Monday, February 28, 2011

The Biggest Shame of a Foodie

Most foodies don’t like to admit to not eating certain foods just because they don’t like them.  Somehow they think that this lowers their credibility, and granted if your list is very long it will, but for the most part we can’t all like the same things.  If we all had the same taste experiences with every food I doubt that there would be nearly as many different types of food.  So, for that I am grateful. 

The color won me over
My mind has always been intrigued by this concept, that although two people may be eating the same dish and enjoying it, they are both having a completely different meal depending on how their taste buds work.  I believe it was in Mimi Sheraton’s memoir, Eating My Words: an appetite for life, where she discusses actually having her taste buds tested, and was relieved to find out that her taste receptors were average, exactly where you would want them to be as a food critic.   I have the feeling that if my taste buds were tested I would not land in the comfortable average area.  

The dish is mine the glass is Robs
Through the last few years I have made it my goal to go through every food that I thought I did not like, and make sure that I still did not like it.  For the most part this project has been successful, I now have no problem eating fish, and have discovered that I like Pacific Salmon much better than Atlantic.  I love cilantro, and my dislike of Hollandaise Sauce was the fault of a bad cook not a bad recipe.  I am still not a fan of red peppers, I feel they take over the dish, but now I don't avoid eating them as I once did.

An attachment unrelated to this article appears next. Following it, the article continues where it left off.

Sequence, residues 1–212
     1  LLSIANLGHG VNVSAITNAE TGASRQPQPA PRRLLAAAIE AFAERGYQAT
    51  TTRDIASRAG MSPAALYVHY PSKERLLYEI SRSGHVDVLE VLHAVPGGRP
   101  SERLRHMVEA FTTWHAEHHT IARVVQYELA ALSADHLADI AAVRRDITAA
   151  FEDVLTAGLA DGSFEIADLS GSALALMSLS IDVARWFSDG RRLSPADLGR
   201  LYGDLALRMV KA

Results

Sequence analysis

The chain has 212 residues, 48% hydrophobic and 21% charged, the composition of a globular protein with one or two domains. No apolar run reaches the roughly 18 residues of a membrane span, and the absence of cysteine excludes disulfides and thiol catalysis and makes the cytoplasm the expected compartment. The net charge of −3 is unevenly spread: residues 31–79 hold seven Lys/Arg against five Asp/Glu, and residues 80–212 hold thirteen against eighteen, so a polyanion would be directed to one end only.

I have two things I still have not been able to cure myself of.  Growing up my parents did their best to get me to drink milk, and I did my very best to get out of it.  From knocking over my glass, to leaving a bit of broccoli floating in it making it undrinkable, I would do anything to avoid drinking that disgusting stuff.  My parents finally gave up and added orange juice with calcium to the nightly ritual.  I still have no interest in drinking milk straight and honestly don’t feel that I am missing out on anything.

Proof for my parents, I do
actually enjoy Salmon
Spicy foods are a whole other matter.  I know I am missing out some of the time, and it drives me nuts.  Believe me I have tried, and though I can take slight spiciness now, I have not been able to get myself very far with this one.  I have mostly accepted that this is just the makeup of my taste buds and there is not much I can do about it.  There are so many dishes, and sometimes entire cultures, that I am missing out on and if there is a way to train my tongue to like spicy foods I would really like to know about it. 

So there you have it, I have admitted my dislikes, and I still have the nerve to consider myself a food person.  You will have to forgive me if you never see a recipe or reference to glasses of milk and spicy foods on this blog, but you can trust me to always go into eating with an open mind, and to try everything I don’t like more than once. 

Will any of you admit to your food dislikes?  Are there foods that you thought you hated that you ended up loving?

Some books you might like:
Are you Really Going to Eat That? Reflections of a culinary thrill seaker by Robb Walsh
Fork it Over: the intrepid adventures of a professional eater by Alan Richman
Hugh Fearlessly Eats it All: dispatches from the gastronomic frontline by Hugh Fearnley-Whittingstall
How We Eat: appetite, culture, and the psychology of food by Leon Rappoport

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